Where is a list of the x-digit primes?  
(from the Prime Pages' list of frequently asked questions)
 New record prime: 274,207,281-1 with 22,338,618 digits by Cooper, Woltman, Kurowski, Blosser & GIMPS (7 Jan 2016).

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Question: Where can I find a complete list of the 106-digit primes?

Answer: "Shouldn't be hard to find. In every one of the complete lists of 106-digit numbers that's ever been published, the primes are clearly marked" [ Dave Rusin, on sci.math]

If you did not find that answer funny, then you definitely need to read the rest of this entry! 

How many 106-digit number are there?  Well, the smallest is 10105 and the largest is 10106-1, so there are 10106-10105 of them.  There are nowhere this many atoms in the entire universe, so of course there is no such list of integers.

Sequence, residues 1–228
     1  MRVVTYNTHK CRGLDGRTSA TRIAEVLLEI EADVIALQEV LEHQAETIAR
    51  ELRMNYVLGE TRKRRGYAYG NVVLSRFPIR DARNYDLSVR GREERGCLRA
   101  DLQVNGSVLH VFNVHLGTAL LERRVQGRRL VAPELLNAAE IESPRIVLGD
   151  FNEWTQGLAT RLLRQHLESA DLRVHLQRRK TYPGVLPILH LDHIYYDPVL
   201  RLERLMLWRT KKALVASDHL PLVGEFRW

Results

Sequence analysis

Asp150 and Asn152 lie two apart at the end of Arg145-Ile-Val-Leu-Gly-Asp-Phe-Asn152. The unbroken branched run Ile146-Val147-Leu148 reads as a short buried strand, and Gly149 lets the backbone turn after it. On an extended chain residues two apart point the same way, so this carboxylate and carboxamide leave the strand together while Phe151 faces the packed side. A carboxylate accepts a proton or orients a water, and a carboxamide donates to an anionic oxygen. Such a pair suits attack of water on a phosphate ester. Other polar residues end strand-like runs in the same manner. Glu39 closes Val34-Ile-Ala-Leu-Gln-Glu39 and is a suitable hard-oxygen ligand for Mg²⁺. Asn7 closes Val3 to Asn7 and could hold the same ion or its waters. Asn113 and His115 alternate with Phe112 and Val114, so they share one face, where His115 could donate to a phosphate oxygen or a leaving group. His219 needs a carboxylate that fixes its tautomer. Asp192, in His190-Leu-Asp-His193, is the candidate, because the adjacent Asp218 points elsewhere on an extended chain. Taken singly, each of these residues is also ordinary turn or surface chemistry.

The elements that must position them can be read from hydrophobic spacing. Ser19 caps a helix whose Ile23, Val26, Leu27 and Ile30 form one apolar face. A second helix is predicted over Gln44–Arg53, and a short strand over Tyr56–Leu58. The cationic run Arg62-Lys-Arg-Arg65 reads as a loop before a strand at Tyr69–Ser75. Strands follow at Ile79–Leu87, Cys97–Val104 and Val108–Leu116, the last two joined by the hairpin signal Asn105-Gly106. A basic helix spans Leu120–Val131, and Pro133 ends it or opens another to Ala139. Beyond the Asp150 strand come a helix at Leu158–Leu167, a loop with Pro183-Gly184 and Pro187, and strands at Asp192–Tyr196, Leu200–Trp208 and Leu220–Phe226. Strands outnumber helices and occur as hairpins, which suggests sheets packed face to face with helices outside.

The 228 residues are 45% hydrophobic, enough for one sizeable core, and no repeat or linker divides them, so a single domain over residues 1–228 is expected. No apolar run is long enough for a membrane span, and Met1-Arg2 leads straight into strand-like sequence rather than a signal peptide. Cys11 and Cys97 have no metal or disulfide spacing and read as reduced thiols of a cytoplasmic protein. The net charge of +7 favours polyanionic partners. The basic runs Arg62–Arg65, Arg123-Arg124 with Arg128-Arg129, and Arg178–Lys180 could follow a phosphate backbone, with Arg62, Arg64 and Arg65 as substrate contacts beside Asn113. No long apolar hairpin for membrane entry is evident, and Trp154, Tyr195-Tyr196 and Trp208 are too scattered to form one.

What if we just want the primes?  That does not help much.  By the Prime Number Theorem the number of primes less than x is about  x/log x  where log x is the natural logarithm of x (roughly 2.3 times the number of digits in x). So the number of 106-digit primes is about

                                         39086503 0000000000 0000000000
      0000000000 0000000000 0000000000 0000000000 0000000000 0000000000.

Good luck fitting that list in this universe!

So how big can x be and we still have a complete list? That depends on how much of the world's resources you want to dedicate to the list.  If you want to stick with a single computer, then definitely less than 20 digits. You might, with proper compression techniques, create a list of all 16-digit primes.

The Prime Pages
Another prime page by Chris K. Caldwell <caldwell@utm.edu>